These days, TV networks are trying to sell advertisers with a broad-based offer that comprises both linear and on-demand programming.

That’s the theory. The truth is, behind the scenes, a veritable spaghetti soup of systems is required to make the dream a reality.

In this video interview with Beet.TV, Stacy Daft, GM, Enterprise Commercial Business Development at Amobee, describes why equal, cross-channel sales is so complex, and how it can be fixed.

Seller centralisation

“They’re dealing with legacy platforms that are on the linear side of the house,” Daft says. “They’re disconnected from the digital platforms. And neither one of them really has an awareness of the other – yet, there’s still a need to monetize the full portfolio and maintain budgets that traditionally could be met on linear channels alone.

“So, ultimately it leads our clients looking for technology to reunify and package their inventory

“This leaves media companies with a unification problem, really – how do they pull together a full view of their inventory across all linear and digital distribution channels, regardless of that consumption platform?

“And it makes monetizing the content even that much more complex because they don’t have a centralised place to understand how their audiences accumulate across the different screens, much less have an ability to optimise for a specific client’s KPI across their full portfolio.”

Buyer beware

But it isn’t just the sell side that is facing complexity when embracing the new opportunity that lies inside proliferation. Ad buyers, too, are interested – but confused.

A recent studyEra Of Addressable, carried out by Forrester, found the buy side calling for change:

  • Simplify buying and managing campaigns across suppliers (66%)
  • Increase scale (65%) and national footprint (64%)
  • Interoperability among MVPDs (74%); technology partners (93%)
  • Single measurement standard from media companies (92%)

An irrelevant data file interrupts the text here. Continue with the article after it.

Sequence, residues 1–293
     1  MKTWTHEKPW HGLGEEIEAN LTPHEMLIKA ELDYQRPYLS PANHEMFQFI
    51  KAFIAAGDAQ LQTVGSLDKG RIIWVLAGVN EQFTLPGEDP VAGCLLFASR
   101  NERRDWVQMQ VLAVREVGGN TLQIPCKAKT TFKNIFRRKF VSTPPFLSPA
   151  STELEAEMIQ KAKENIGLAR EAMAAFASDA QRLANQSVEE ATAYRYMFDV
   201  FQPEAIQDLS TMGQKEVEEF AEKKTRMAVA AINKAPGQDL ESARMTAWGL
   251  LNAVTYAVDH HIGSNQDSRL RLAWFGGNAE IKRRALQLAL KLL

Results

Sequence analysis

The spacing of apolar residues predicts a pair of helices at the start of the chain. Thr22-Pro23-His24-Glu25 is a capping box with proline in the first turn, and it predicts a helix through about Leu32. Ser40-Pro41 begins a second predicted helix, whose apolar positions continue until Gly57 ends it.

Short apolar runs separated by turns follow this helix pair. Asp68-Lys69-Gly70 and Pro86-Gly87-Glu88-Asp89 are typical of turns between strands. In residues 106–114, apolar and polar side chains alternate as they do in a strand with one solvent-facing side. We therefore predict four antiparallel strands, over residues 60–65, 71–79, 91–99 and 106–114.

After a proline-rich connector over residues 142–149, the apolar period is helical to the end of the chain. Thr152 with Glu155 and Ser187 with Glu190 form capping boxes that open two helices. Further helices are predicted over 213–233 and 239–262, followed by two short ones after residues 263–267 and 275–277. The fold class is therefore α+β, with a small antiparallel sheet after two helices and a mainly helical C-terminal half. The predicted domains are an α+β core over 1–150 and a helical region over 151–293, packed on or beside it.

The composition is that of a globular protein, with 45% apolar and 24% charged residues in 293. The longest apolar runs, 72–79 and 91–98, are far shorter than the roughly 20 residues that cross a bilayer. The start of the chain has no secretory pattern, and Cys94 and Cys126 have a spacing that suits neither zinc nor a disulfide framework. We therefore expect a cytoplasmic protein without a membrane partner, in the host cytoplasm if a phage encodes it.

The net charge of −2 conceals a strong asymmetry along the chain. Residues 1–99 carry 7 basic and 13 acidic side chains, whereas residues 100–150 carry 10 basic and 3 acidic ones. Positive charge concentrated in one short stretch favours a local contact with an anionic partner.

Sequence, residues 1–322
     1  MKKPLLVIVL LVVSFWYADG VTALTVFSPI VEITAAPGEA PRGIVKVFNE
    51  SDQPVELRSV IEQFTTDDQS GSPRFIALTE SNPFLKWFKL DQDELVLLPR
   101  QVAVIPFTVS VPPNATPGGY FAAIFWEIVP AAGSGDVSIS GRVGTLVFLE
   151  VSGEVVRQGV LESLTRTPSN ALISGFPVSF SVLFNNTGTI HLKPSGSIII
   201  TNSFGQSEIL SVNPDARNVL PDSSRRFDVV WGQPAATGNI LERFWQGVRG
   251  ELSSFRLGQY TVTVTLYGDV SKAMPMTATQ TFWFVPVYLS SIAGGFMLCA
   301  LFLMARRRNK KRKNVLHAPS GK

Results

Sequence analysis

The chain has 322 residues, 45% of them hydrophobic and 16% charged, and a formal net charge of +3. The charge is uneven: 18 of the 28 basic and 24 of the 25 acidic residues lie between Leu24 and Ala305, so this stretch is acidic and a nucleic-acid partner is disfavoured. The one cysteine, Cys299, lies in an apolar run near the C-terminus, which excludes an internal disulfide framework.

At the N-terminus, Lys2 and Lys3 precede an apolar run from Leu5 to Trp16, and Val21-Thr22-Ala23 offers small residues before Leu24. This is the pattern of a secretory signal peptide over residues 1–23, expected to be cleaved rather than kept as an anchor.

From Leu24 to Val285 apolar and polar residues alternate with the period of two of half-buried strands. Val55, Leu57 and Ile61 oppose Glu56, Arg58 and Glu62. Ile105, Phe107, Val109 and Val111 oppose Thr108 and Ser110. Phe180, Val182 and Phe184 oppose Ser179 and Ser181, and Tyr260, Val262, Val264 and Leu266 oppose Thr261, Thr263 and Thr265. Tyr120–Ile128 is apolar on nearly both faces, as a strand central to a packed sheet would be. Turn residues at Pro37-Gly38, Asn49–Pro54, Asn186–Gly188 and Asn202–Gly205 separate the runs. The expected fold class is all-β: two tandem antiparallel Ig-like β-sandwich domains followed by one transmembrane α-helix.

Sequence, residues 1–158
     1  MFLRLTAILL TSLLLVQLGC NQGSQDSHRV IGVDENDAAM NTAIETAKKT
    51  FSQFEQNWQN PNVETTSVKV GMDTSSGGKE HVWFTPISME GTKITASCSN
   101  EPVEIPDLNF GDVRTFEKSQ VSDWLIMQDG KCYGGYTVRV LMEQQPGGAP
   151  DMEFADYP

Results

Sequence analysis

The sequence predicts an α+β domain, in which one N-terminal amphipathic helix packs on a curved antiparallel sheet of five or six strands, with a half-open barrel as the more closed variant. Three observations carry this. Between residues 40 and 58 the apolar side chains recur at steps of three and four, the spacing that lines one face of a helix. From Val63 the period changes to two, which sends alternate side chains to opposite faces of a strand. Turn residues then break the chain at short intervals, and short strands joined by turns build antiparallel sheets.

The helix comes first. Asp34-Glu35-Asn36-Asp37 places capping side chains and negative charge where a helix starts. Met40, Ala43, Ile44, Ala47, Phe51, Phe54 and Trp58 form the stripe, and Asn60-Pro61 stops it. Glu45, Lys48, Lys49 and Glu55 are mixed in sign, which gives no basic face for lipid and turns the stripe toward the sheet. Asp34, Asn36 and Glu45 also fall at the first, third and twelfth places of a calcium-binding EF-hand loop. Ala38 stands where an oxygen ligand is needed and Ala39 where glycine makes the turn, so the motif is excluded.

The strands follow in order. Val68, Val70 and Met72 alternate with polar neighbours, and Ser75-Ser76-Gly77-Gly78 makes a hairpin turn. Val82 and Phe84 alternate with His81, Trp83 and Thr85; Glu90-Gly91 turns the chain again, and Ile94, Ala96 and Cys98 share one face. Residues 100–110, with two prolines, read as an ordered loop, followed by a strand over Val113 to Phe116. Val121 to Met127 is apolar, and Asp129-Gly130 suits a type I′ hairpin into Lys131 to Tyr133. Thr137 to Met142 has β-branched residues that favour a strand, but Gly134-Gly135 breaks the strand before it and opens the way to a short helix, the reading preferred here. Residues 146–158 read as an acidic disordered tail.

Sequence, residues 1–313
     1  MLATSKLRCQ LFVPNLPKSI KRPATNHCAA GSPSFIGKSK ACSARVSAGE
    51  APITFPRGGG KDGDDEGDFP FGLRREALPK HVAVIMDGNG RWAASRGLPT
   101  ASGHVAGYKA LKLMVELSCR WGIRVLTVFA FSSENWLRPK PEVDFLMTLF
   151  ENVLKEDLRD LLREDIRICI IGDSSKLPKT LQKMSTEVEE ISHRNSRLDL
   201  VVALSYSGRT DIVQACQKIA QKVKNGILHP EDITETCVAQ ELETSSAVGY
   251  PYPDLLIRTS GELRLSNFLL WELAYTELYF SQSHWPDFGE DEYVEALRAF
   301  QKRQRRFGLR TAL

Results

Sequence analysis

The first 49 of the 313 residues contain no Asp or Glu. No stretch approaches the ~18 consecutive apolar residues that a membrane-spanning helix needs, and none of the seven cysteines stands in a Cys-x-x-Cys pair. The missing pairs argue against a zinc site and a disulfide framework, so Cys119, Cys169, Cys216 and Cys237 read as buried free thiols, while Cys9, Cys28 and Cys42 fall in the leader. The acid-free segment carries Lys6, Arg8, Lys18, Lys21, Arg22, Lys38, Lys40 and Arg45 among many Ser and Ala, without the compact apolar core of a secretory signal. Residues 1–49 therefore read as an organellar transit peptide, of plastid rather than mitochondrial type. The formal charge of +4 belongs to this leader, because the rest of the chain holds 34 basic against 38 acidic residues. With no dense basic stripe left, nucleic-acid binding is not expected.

Daft feels their pain.

“When you think about the addition of CTV and more streaming services and premium TV quality content moving digitally, there’s a desire to not lose the data and the effectiveness of targeting in the digital environments,” she says.

“But most importantly, make sure that that is done in conjunction with the planning that they’re doing across their linear portfolios as well, so that they can maintain and understand total reach across their investments, whether or not it’s linear, digital, CTV, and what portions of those investments or what portions of their audiences are being reached in which environments and how incremental is the addition of new channels to their holistic buy.”

Viewers’ experience

Smoothing out that complexity matters to more than just media owners and advertisers.

Kinks in this chain can degrade the viewer experience.

“Sellers have the opportunity to use that targeting and the premiums that come along with providing optimization and better targeting across their portfolios to reduce ad loads,” Daft adds.

“This is something that’s also desirable by brands. They themselves have a stake in the consumer experience.

They don’t want to be repetitive and annoying, similar to media companies, in terms of how they want to satisfy their clients as they compete for the eyeballs across the various distribution channels today.”

You are watching, “The Stream: New Audiences, New Opportunities,” a Beet.TV leadership series presented by Tubi. For more videos, please visit this page.